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  • 1.
    Cotal San Martin, Vladimir
    Örebro universitet, Institutionen för humaniora, utbildnings- och samhällsvetenskap.
    Representing Workers' Conditions in Developing Countries: A Cross-National Comparison of Mainstream Newspapers2018Konferansepaper (Annet vitenskapelig)
  • 2.
    Cotal San Martin, Vladimir
    Umeå University, Umeå, Sweden.
    Sverigedemokraterna och "Invandrarproblemet"2011Inngår i: Hela staden: social hållbarhet eller desintegration? / [ed] Tapio Salonen, Umeå: Boréa Bokförlag, 2011, s. 107-119Kapittel i bok, del av antologi (Fagfellevurdert)
  • 3.
    Cotal San Martin, Vladimir
    Örebro universitet, Institutionen för humaniora, utbildnings- och samhällsvetenskap.
    The Mediated Representation of Working Conditions in the Global South: Discourse, Ideology and Responsibility2019Doktoravhandling, monografi (Annet vitenskapelig)
    Abstract [en]

    This thesis examines the mediated representation of workers’ working conditions in the Global South. Using a qualitative approach inspired by Critical Discourse Studies, it focuses on ideological representation in newspapers from Sweden, the USA, Chile and China/Hong Kong. The aims are to understand how working conditions are represented; identify key themes of news reporting; understand how newspapers convey ideological discourses about ‘foreign’ and ‘distant’ working conditions; and provide critical insights into how the topic is represented in newspapers in terms of its relevance (to a national readership) as well as agency and responsibility (i.e. who is responsible for working conditions?) and the possible ideological impact thereof on the reader and their knowledge/interpretation of this issue.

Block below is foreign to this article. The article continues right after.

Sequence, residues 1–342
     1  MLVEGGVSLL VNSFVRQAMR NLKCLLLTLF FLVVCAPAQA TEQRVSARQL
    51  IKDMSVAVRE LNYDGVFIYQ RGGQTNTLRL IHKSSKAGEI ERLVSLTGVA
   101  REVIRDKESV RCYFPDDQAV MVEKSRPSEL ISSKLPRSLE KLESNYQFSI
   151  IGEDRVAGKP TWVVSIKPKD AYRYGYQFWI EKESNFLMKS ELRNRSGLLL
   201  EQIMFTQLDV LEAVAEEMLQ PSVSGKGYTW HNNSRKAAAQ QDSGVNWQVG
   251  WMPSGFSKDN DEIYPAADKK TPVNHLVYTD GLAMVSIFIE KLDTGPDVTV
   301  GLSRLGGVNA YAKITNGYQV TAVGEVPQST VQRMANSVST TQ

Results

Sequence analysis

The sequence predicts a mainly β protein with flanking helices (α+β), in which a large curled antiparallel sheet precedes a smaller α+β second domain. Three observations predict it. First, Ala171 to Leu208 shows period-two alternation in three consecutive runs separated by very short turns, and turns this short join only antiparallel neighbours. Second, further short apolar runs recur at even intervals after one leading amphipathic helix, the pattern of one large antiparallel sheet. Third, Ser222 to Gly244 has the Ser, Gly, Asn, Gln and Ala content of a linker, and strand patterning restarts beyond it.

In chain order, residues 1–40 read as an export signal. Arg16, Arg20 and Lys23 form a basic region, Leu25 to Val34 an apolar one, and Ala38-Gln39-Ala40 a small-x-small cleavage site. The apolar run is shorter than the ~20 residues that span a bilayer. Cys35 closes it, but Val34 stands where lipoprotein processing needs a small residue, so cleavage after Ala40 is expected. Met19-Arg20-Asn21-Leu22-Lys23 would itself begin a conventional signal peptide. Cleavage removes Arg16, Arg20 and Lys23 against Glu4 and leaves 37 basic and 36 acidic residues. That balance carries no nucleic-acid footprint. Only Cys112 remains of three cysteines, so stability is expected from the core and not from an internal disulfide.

The results suggest that the general structuring of Swedish media discourse on workers’ conditions runs thematically across various parts/sections of the production industry: garments, electronics, food, furniture and toys. In addition, further themes/frames are used in the coverage (working conditions in the workplace, salary, conditions of employment, housing, workforce composition and workers’ organizations), further particularising the explored focus of media representation.

    The study also suggests that mainstream news media represent working conditions in ways that exclude a range of key issues, actors and causalities. Constructed at the level of media discourse, such problematic representations largely conceal the structural, institutional and corporatist responsibility behind the global exploitation of workers and their largely unfavourable working conditions. Instead, responsibility for those working conditions is effectively and strategically shifted away from the wider global system of capitalist-driven exploitation into individual social actors, in both the Western world (in the form of particular transnational corporations and in the form of readers/ users as consumers) and the Global South (in the form of local factory owners, governments, officials etc.).

    Speaking from a critical perspective and offering a number of empirically-funded insights, the study suggests that newspapers construct the key topic as relevant through a number of thematic and argumentative frames. Of these, the ‘consumer framework’ – which effectively serves to shift responsibility away from wider structural socioeconomic causes to an individual level – remains central. The thesis also shows that the representation of working conditions in the Global South is strongly embedded within a highly problematic colonial (or post-colonial) imagery. Therein, the exploitation in the Global South is seen as a localised ‘cultural problem’ of ‘them’ rather than a systematic problem related to global capitalism and its transnational system of social and economic inequality.

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